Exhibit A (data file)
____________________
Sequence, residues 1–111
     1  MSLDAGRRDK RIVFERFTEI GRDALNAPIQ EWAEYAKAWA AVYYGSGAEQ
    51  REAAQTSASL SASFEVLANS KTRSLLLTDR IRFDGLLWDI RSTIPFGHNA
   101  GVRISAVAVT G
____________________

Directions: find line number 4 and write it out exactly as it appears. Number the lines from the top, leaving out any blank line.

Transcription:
   101  GVRISAVAVT G